We all have seen bogus fitness claims and many of us have considered buying products that make these types of claims.
I compiled a list and analyzed the Top 10 Bogus Fitness Claims that are used to appeal to our emotions and woo us into a state of fixation on a product that can solve our deepest, most personal, most challenging problems.
The following claims are (1) factually incorrect, (2) blatantly misleading, (3) involve the notion that fitness goals can be reached without diet, or exercise modifications and/or (4) claim body change in a way that does not make physiological sense.
Building muscle is an anabolic process and losing fat is a catabolic process, so it’s not possible for both processes to work simultaneously. It is possible to gain muscle and lose fat over a given time period, but these results are atypical. It’s far more effective to focus on muscle gain, or fat loss, not both at the same time. For more detail, check out this post: Can You Lose Fat & Build Muscle at the Same Time?
The top natural bodybuilders and fitness models whose livelihood depends on their ability to lose fat never try to lose more than 1% of their body weight in fat per week. Why? Because if they lose much more than 1% of their body weight, they are most likely losing muscle. Needless to say, it’s not healthy, nor desirable to lose 30 pounds in 30 days, or attempt to lose weight very quickly which even if successful will be mostly water weight, a lot of muscle, and some fat.
If there was a product, exercise, or nutrition method that made losing weight “easy”, would 60% of Americans be overweight and 30% be obese? Enough said! Our bodies are homeostatic organisms that are resistant to change. In combination with environmental, social, technological, political, and economic factors that encourage us to eat more calories and exercise less, the cards are stacked against us. The good news is that if you are following the advice on BuiltLean.com, the cards will be stacked in your favor!
We are all unique; we have unique genetics, tastes, interests, challenges, and desires. There is no “best” way to lose weight. There may be exercise methods that are more efficient than others at losing fat, or that are more challenging. The best way to lose weight, as I described in The Best Workout Routine for You is the one that motivates you to exercise and is sustainable for the long haul.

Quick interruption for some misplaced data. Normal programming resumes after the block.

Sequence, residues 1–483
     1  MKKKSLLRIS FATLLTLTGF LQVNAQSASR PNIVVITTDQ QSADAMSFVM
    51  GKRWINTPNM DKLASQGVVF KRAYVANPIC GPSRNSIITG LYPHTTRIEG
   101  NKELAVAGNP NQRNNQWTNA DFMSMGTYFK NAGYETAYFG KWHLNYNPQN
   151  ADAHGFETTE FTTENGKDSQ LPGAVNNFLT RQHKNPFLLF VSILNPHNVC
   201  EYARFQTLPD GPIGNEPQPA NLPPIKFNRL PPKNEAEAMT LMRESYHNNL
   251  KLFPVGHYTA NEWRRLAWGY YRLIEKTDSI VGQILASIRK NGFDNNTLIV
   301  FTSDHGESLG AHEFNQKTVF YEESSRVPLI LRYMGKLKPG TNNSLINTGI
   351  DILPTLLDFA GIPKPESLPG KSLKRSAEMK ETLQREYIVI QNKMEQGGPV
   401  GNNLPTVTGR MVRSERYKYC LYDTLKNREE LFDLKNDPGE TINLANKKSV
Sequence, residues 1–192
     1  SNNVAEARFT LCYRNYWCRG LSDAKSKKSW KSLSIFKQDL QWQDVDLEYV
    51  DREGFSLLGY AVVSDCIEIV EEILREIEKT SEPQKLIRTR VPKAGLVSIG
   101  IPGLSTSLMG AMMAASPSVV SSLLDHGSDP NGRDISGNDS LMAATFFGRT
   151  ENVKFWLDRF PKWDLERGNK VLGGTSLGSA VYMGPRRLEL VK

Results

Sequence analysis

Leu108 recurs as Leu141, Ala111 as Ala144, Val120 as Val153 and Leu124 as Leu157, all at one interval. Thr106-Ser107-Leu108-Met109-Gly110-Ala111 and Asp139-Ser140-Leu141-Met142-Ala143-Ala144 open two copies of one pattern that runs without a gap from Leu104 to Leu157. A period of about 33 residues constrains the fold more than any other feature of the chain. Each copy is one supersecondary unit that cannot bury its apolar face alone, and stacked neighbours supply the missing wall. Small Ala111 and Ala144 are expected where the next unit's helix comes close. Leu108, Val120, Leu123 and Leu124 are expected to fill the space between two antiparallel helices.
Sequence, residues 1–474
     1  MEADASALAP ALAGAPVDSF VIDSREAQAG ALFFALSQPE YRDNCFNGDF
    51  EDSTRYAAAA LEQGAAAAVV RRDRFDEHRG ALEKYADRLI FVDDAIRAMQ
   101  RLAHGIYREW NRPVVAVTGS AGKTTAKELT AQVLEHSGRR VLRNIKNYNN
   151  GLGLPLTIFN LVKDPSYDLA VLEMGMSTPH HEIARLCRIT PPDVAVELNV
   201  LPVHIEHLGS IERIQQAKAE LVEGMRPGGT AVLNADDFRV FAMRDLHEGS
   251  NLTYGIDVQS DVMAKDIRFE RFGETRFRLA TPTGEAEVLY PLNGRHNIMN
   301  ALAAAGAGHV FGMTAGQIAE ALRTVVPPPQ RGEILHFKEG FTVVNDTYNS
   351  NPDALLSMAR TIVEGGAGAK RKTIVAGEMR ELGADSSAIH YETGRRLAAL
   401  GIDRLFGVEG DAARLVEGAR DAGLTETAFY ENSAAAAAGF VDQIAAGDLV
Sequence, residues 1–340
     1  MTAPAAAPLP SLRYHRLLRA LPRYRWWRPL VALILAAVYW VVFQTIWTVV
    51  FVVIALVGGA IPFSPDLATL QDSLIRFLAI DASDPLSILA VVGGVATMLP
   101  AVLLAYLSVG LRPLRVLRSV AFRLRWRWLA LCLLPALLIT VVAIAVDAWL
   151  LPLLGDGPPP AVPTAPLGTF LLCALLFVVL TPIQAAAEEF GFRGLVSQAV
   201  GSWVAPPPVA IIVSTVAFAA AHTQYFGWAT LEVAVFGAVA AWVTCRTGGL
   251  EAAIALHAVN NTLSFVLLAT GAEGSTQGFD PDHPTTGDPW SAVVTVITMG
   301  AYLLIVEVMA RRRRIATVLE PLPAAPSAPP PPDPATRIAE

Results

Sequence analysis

This claim is used all the time to lure women as if a certain exercise method will magically “lengthen” a woman’s muscles so she can finally look like a ballerina. The reason why ballerinas look like they do is (1) genetics, and (2) they are very lean. Our muscle length is genetic and once we stop growing in height, so does the length of our muscles. In addition, the length of our muscle and the place of insertion onto the bone impacts how much weight we can lift. For example, a man with short biceps will have more leverage to lift a weight than a man of equal size that has a longer biceps muscle.
This claim is used to lure women and men all the time. Should we fear that one day we’ll wake up as the incredible hulk after lifting heavy weights for a few workouts? I’ve never seen someone who was bulky and lean, unless he or she (1) trained for 5+ years to build a lot of muscle, (2) took steroids, or (3) had 1 in a 1000 genetics. Bulky = Excess Fat. There is little chance of a bulky appearance on a naturally lean physique. Even natural bodybuilders who try to gain as much muscle as possible aren’t that bulky (See: How Much Muscle Can You Gain Naturally?). Finally, it is very unlikely for someone who is in a calorie deficit to add “bulk” no matter how heavy, or how much that person lifts weights.
In short, there is no such thing as a “toning” exercise. There are exercises that stimulate muscle fibers more than others, but “toning” implies the removal of fat off a particular body part. “Spot reduction” as this concept is called is a myth. We can’t take fat off just one body part unless by undergoing liposuction, which obviously is not very healthy.
This exact claim is used by marketers of electronic abdominal exercise belts…you know, those vibrating belts worn by fitness models on infomercials who themselves have never used the product before? My guess is 95% of people who have a six pack put at a lot of effort into their exercise and nutrition regimen.
This is the typical pitch used for fat burning, or appetite suppressant supplements that promise fast weight loss without any diet modification. The pitch will continue something like, “Just take 2 capsules before each meal. The safe, all natural ingredients bind with food to block absorption of fat, carbs, AND calories. Lose up to 10lb per week, no sweat. No starvation!”
Similar to the claim that a certain exercise is great for “toning”, the idea that we can target fat on a particular body part with a certain exercise, nutrition, or supplement strategy is factually incorrect (rare exceptions exist for hormonal imbalances). In fact, where and how we lose fat (or gain fat) is genetically predetermined. Typically, where we want to lose fat the most is the last place where it comes off, but the good news is that the “stubborn” fat can be burned off eventually by eating better and exercising with a focus on losing fat without losing muscle.
Unfortunately, these types of claims will probably be successful at attracting attention and selling products until the end of time. I’m trying to do my part to make you aware that they are not only misleading, but just plain factually incorrect. If you ever see a fitness claim on this website that you think is misleading, please let me know.
Next time you’re watching that late night infomercial (come on, I know you watch them everyone once in a while), you’ll now be able to pick apart some of the bogus claims you hear.